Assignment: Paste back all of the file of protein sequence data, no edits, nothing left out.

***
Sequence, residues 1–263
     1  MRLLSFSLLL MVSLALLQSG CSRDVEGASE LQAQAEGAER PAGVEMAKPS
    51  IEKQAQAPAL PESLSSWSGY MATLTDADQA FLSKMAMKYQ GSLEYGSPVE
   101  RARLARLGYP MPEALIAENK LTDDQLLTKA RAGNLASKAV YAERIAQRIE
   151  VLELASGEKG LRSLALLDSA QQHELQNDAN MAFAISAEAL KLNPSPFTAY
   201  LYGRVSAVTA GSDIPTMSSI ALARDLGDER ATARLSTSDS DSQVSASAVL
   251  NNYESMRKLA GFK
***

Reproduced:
Sequence, residues 1–263
     1  MRLLSFSLLL MVSLALLQSG CSRDVEGASE LQAQAEGAER PAGVEMAKPS
    51  IEKQAQAPAL PESLSSWSGY MATLTDADQA FLSKMAMKYQ GSLEYGSPVE
   101  RARLARLGYP MPEALIAENK LTDDQLLTKA RAGNLASKAV YAERIAQRIE
   151  VLELASGEKG LRSLALLDSA QQHELQNDAN MAFAISAEAL KLNPSPFTAY
   201  LYGRVSAVTA GSDIPTMSSI ALARDLGDER ATARLSTSDS DSQVSASAVL
   251  NNYESMRKLA GFK